Thinking Anglicans

Panel of Reference open for business

ACNS has issued this Communiqué from the Panel of Reference.

Further information about the panel can be found on its own web page here

Other detailed pages include the Reference Procedure which is new.

Dr Brian Hanson has been appointed as an additional secretary to the panel.


A matter of life or death

Some myths of course we haven’t believed for a long time. Few of us really thought that Britain was somehow exempt from terrorist attack. Nor did we seriously expect that on each and every occasion security forces would be able to prevent an atrocity before it happened. But the myth that many of us held until this week, and which we have now painfully had to relinquish, was that terrorists are radically different from you and me. As I write, the backgrounds of the four suicide bombers are beginning to become clear. From what we can tell at this stage these were ordinary young British men. Born and brought up in this country, educated here, from unremarkable law abiding families. Outwardly at least their interests were the same as those of many of their age and sex.

Chillingly, that closeness is not defined to their backgrounds. For those of us of religious conviction it is equally present in their motivations. Christianity is founded on the story of a man who gave up his life for the sake of others. Faith relativises death in two ways. Most religions declare it neither to be the end nor the most important factor to be considered. I guess that the bombers were like us too in wanting (and this is rightly especially prevalent among young adults) to feel that they were part of something huge – even the outworking of God’s plan itself. The motivations of the original crusaders (who detonated the first suicide bomb a thousand years ago) are not so different from those of these young men.

It’s only after having recognised our similarities that we should go on to focus on the differences. I am helped enormously by the comment of a brother bishop some years ago. He drew an illuminating distinction between “theologies of life” and “theologies of death”. Both are present in Christianity. Both have their place. And in any one of us both will be operating at the same time. One or other however will be the dominant.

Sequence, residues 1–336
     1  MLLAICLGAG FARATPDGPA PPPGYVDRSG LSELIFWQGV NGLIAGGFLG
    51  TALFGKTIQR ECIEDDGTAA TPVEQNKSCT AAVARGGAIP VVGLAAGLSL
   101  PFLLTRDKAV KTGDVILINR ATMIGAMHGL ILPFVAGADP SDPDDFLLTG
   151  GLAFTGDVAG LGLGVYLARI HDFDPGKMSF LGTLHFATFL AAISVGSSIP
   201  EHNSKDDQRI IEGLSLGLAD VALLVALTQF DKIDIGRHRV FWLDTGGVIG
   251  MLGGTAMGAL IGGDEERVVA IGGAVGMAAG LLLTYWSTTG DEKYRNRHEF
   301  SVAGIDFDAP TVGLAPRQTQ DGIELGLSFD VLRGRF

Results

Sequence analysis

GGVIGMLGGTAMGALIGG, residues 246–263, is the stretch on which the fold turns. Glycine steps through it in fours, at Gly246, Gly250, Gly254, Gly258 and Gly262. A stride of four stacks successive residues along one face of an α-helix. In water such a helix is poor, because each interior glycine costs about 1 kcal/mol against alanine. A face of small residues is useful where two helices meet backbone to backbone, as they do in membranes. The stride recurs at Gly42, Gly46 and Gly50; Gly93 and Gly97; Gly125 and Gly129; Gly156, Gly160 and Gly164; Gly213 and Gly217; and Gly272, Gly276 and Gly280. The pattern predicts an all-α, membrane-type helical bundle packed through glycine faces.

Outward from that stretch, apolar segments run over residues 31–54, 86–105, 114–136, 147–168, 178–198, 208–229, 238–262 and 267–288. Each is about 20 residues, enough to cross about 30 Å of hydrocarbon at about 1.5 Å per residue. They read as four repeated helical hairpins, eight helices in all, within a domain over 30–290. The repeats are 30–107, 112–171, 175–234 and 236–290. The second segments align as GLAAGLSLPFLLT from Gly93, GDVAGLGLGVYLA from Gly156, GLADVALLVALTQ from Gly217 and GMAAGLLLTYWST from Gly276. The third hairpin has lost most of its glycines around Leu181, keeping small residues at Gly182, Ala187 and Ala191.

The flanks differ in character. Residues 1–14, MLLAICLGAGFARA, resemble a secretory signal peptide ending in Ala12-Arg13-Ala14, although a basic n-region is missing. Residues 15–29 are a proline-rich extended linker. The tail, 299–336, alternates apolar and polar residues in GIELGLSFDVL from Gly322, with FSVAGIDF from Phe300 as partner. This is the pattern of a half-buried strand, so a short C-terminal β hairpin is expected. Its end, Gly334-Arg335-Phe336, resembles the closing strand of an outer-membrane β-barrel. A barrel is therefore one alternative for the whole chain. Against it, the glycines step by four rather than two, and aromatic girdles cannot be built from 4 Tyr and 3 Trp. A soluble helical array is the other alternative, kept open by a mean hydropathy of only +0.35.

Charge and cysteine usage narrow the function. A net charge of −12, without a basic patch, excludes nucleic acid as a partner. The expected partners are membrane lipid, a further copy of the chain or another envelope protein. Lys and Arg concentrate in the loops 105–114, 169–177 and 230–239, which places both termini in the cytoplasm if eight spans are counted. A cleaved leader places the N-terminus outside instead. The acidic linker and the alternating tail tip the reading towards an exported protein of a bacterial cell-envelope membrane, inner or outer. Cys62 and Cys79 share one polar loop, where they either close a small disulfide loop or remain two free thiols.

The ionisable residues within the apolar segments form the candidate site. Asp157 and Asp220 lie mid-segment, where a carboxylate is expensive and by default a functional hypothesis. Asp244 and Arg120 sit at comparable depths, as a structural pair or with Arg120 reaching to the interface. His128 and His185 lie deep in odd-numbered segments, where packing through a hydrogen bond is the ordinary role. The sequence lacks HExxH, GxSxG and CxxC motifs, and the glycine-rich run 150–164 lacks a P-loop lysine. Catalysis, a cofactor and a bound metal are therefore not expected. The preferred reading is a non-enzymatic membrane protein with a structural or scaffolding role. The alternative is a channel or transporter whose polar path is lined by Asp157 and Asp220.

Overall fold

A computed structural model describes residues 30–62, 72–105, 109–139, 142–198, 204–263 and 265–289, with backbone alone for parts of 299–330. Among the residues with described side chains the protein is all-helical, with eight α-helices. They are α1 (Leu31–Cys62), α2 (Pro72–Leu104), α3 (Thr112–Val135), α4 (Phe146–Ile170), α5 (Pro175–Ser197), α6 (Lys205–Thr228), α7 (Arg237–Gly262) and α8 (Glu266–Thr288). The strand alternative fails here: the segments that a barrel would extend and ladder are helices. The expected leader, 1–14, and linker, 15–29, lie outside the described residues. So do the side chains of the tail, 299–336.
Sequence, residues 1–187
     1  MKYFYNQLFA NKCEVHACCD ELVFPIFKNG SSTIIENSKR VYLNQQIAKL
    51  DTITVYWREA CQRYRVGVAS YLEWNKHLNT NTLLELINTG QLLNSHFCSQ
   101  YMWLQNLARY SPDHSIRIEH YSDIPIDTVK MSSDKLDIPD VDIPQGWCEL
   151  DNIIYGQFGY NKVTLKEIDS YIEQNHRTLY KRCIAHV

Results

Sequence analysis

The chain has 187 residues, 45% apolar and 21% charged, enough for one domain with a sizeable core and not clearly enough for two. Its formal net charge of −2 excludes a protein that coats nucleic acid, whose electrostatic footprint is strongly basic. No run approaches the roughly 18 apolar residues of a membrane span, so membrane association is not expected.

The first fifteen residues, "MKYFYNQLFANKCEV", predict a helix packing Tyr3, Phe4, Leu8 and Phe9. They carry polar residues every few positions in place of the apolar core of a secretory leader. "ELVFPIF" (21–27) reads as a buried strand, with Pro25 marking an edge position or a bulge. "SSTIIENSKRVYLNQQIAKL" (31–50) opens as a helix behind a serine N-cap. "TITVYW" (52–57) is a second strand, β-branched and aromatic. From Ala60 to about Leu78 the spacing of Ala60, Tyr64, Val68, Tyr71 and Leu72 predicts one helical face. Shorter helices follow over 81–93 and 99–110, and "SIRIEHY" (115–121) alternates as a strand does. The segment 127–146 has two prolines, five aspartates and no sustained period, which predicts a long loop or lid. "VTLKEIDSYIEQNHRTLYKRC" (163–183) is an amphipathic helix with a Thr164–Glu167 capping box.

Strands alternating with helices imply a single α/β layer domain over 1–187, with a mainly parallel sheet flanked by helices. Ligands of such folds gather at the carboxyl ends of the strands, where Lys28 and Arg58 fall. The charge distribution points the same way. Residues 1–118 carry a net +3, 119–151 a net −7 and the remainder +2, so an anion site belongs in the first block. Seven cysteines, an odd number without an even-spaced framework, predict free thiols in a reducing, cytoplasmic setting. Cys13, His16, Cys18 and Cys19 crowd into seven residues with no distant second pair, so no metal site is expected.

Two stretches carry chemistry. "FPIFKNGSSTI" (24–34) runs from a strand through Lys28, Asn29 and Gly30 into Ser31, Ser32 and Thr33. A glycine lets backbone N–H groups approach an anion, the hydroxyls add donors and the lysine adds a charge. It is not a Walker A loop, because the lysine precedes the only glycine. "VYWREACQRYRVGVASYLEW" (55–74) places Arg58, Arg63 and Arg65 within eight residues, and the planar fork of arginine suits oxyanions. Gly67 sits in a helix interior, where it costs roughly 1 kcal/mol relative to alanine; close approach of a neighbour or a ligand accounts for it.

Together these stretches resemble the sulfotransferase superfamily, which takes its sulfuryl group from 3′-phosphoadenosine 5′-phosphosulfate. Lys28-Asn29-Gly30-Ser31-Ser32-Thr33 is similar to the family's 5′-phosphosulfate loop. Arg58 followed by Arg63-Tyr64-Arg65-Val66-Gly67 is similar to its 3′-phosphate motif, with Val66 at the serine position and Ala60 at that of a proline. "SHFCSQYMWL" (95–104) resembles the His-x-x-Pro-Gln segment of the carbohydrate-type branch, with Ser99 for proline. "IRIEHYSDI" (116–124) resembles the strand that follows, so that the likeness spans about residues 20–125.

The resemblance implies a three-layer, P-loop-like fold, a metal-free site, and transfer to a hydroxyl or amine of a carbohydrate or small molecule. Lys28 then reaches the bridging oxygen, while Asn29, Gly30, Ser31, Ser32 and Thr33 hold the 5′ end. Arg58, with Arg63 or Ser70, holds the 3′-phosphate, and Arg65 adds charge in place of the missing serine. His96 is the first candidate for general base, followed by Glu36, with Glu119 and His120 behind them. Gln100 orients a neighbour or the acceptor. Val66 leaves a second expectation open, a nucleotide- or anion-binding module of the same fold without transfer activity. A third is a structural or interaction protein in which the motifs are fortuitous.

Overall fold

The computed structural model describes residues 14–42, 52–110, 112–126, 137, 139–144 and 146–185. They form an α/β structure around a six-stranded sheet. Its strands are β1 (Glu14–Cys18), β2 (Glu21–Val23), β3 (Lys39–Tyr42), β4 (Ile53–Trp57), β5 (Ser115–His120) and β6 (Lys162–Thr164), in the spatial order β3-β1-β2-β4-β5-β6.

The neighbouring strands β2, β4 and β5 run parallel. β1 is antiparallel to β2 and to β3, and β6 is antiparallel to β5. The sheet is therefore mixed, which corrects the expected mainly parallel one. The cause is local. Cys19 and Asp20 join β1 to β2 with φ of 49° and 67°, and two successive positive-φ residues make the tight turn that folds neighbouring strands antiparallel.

Theologies of death focus on temptation, sin, the battle between the divine and the demonic. The central symbol is the cross with Jesus hanging bleeding on it. The world is the entity that nails him there.

Theologies of life by comparison focus on love, forgiveness, the rich abundance of God’s creation. The cross remains the central symbol but here it is empty. Christ is risen, gone before, leading his people. The world, and the rich diversity in it, is itself a pointer to God’s glory.

Those who detonate bombs killing themselves and innocent travellers are operating from within a theology of death. We are closer to them than is comfortable whenever we allow our faith to be more rooted or expressed in what we oppose than in what we affirm. As the scriptures reiterate again and again the mission of Jesus was to bring not death but life. If we are to seriously distinguish ourselves from terrorism it is a theology of life that must predominate, whatever the particular matters being debated.

Faith leaders are rarely to be found with rucksacks full of explosives strapped to their backs but when we propound theologies that place God’s creation under the control of the devil or we declare humanity to be utterly depraved and make that the lynchpin of our position we are ultimately providing the ideological underpinning for actions that in themselves we rightly abhor.


civil rights in Uganda

The Kampala Mail and Guardian carried this report on 7 July, Ugandan Parliament deals blow to gay rights. This report is amplified in an article from Human Rights Watch Uganda: Same-Sex Marriage Ban Deepens Repression. Other news reports that mention this are in the Kampala Monitor and the Kampala New Vision.

The LGBT community in Uganda had made representations to Parliament for inclusion in the list of recognised minorities for which the proposed constitutional amendments offered further protection and recognition of their special needs.

The actions now taken in response to this request are more extensive than were recommended in the white paper on constitutional amendments which only asked for the first declaration – marriage is between a man and woman – the second part criminalising those who enter a partnership is an additional action now taken by the Ugandan parliament without previous discussion.